BEACON Researchers at Work: Developing interactive evolutionary computation for machine learning games

This week’s BEACON Researchers at Work post is by University of Texas at Austin graduate student Igor Karpov.

Photo of Igor Karpov

Igor with a pair of traditional Komi fur skis

When thinking about parts of my work that are most relevant to BEACON, several topics come to mind simultaneously. To avoid making the hard choice myself, I will briefly describe all of them, and leave the choice of what is interesting to follow up on to the reader.

The unifying theme for the projects described below is that I use of and extend evolutionary computation methods in the context of a popular and complex domain – video and computer games. The domain has several properties that make it an interesting subject of study from the perspective of artificial intelligence. First, the variety of game genres and complexities allows for a gradient of increasingly complex behaviors and adaptation approaches to be developed. Secondly, game engines have developed a good balance of complex environments and behaviors with reasonable amounts of computation and simulation speed. Finally, and perhaps most importantly, the game domain has plenty of human participation. This means both that the domain itself is interesting and challenging enough to hold our attention, and that we can study how our state-of-the-art autonomous agents do when they are interacting with human-level intelligence in its various forms.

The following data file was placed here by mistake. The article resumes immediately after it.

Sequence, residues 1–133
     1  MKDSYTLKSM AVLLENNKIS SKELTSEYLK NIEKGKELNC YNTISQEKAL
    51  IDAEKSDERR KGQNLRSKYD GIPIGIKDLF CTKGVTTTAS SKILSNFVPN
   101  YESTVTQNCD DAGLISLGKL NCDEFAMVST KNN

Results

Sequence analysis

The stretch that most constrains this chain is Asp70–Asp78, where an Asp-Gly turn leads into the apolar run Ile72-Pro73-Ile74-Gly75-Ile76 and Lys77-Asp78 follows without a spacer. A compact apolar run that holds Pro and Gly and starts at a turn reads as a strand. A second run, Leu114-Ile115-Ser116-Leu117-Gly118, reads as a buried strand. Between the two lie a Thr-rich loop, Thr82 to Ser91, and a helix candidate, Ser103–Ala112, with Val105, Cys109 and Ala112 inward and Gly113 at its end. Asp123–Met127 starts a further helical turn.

Bar graph

The relative ability of bots and human players to pass for human players in the Botprize competition.

3D line graph

An example of the data collected from human games in the Botprize domain.

One of the most complex such domains that I will talk about is the Botprize competition. The goal of this competition is to develop a software player for a state of the art first-person game (Unreal Tournament 2004 in our case) that is behaviorally indistinguishable from a human player. To be more concrete, we have to design a bot that will fool the human players it interacts with into labeling it as a human about as often as another human player is able to do so.

To address this challenge, I have worked with a fellow BEACON researcher and UT Austin graduate student Jacob Schrum (who works on multi-objective evolution of neural network controllers for game domains) and our advisor Risto Miikkulainen, to develop UT2, a game bot that participated in the Botprize competition several times, and placed 2nd in 2010. The overall system is complex and includes a scripted behavior architecture, a module used in combat and evolved by multi-objective constructive evolution of artificial neural networks, and a module that is responsible for human-like movement that is based on playback of human examples (Believable Bot Navigation via Playback of Human Traces). The area is ripe for future work, including imitation learning from human behavior and ways of combining imitation with evolution of autonomous behaviors.


A schematic diagram explaining the human-assisted neuroevolution method. Three types of human input (advice, example traces and task shaping) are combined with an evolving population of artificial neural networks to produce desired solutions faster.